StreetsPAC's Testimony to City Council on the Influx of Federal Infrastructure Funding

We testified today at the New York City Council's Committee on Transportation and Infrastructure oversight hearing on assessing the state of the city's infrastructure and laying the foundation for federal infrastructure funding, a broad and somewhat complicated topic (there are reportedly 34 separate funding streams for infrastructure projects). We focused on certain aspects of the city's transportation system; our full testimony follows below.

Thanks to an unprecedented flow of federal infrastructure funding, New York City has a once-in-a-generation opportunity to upgrade and expand its transportation system.

While there are many pots of federal money, quite a few of which are tied to competitive grants, StreetsPAC believes the city should be guided by a few overarching principles.

First, similarly to the Priority Investment Areas outlined in the New York City Streets Plan, funding should be prioritized in communities that have historically been underserved. Economically disadvantaged and predominantly Black and brown neighborhoods should receive priority when it comes to these transportation initiatives.

Secondly, investments in transportation infrastructure should emphasize safety and accessibility, especially the safety of vulnerable street users. The reversal in the progress of the city’s Vision Zero initiative has reached a critical juncture. We know that investments in complete streets, protected bike lanes, curb extensions, raised crosswalks and similar design treatments improve safety for everyone, and the influx of federal funds can both expand and speed up the implementation of these types of infrastructure. Similarly, we should take this opportunity to accelerate the pace of investment in making our transit system 100% accessible.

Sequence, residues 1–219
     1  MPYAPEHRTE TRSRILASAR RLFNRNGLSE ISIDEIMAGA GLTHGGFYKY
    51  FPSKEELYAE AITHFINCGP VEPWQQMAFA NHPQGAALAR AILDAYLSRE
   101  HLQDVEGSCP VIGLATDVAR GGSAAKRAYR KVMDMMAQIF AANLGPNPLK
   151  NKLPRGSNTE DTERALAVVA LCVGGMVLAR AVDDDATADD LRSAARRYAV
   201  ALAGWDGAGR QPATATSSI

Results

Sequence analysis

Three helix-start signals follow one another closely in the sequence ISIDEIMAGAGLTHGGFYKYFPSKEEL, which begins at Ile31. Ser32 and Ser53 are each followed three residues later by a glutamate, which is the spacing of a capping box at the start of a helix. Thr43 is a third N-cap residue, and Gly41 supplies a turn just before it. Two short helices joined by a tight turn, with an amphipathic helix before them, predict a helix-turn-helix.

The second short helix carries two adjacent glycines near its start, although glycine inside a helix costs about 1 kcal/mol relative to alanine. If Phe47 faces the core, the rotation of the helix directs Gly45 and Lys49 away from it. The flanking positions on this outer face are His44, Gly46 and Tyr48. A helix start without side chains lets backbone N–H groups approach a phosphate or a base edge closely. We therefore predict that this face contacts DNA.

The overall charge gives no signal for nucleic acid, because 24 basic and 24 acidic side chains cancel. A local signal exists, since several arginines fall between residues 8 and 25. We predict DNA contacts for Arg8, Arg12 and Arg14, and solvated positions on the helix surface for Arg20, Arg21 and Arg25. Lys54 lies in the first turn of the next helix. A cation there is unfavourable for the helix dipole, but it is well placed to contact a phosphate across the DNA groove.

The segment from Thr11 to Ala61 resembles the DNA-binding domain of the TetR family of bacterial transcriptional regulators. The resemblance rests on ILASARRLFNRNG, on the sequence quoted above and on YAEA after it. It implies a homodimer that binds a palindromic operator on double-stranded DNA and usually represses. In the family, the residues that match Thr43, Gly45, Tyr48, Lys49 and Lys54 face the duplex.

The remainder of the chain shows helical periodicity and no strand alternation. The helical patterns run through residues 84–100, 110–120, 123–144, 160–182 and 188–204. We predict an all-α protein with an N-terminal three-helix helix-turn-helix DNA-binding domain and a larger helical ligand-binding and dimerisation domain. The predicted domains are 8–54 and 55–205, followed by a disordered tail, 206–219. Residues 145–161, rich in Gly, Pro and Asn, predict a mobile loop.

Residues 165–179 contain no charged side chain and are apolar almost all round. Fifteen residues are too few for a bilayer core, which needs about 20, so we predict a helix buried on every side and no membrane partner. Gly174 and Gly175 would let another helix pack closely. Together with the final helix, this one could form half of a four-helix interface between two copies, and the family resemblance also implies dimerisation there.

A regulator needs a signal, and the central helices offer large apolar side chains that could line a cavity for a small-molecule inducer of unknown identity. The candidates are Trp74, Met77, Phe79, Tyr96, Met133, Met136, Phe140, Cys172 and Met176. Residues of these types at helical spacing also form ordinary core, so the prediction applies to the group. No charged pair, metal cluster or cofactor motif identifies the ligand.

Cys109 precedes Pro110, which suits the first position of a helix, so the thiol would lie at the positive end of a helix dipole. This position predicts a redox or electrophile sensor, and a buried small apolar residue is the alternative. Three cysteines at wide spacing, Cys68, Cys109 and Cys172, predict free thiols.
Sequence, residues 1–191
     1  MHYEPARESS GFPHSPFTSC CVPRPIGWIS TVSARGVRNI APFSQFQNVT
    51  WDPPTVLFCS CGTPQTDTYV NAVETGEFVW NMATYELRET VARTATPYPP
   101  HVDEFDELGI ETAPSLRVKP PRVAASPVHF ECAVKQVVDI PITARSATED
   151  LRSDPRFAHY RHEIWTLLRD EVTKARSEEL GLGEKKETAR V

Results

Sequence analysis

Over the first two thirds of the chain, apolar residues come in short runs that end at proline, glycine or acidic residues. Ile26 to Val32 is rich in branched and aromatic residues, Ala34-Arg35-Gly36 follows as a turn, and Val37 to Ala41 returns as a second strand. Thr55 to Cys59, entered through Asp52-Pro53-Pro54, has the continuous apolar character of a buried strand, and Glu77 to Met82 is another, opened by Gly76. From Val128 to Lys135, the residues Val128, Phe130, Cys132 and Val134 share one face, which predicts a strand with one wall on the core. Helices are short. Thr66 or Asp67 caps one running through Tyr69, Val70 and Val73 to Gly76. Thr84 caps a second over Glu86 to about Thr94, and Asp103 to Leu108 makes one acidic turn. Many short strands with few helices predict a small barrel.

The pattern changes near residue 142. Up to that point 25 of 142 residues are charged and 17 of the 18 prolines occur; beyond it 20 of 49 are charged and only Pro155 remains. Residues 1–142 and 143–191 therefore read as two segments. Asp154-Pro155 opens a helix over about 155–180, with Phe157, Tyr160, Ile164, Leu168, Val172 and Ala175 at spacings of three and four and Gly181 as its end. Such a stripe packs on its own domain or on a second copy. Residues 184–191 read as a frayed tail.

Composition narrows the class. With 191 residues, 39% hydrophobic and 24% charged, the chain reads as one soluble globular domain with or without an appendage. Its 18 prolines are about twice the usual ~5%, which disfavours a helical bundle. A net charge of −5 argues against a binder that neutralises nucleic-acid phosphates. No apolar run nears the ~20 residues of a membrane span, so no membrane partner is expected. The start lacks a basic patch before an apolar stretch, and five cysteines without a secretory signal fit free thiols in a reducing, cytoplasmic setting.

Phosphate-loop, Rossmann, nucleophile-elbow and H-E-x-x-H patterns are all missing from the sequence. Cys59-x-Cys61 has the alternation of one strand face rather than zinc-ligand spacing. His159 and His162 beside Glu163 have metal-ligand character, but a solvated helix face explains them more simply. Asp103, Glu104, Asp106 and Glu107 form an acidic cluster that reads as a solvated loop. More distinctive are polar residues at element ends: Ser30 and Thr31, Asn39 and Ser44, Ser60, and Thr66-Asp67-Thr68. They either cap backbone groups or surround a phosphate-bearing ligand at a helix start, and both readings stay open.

Thirdly, we believe the city should prioritize quick-build projects wherever federal funding will support that. Dedicated bus lanes, busways, protected bike lanes, and a host of traffic-calming installations can be implemented quickly, and often at relatively low cost. Bus and bike improvements can also help to plug gaps in transit deserts.

Relatedly, we believe the availability of federal funds for alternative transportation modes presents a golden opportunity to subsidize accelerated expansion of the city’s bike-share program. Bike share remains the only aspect of our transportation system that receives no subsidy, and we should seize this chance to expand bike share across the five boroughs and to New Yorkers of all means.

Finally, we want to amplify the call by Council Member Rivera and others to make a substantial investment in the city’s Greenway network. Greenways have the potential to extend open space into all corners of the city, and to serve as the backbone of a safe, separated, and resilient citywide bike network. Federal funds can jumpstart the city’s decades-old plan to build a robust, interconnected Greenway network. Let’s not let this opportunity go to waste.

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published this page in News 2022-04-19 16:39:30 -0400
StreetsPAC supports candidates for public office who will champion Safe, Complete and Livable Streets.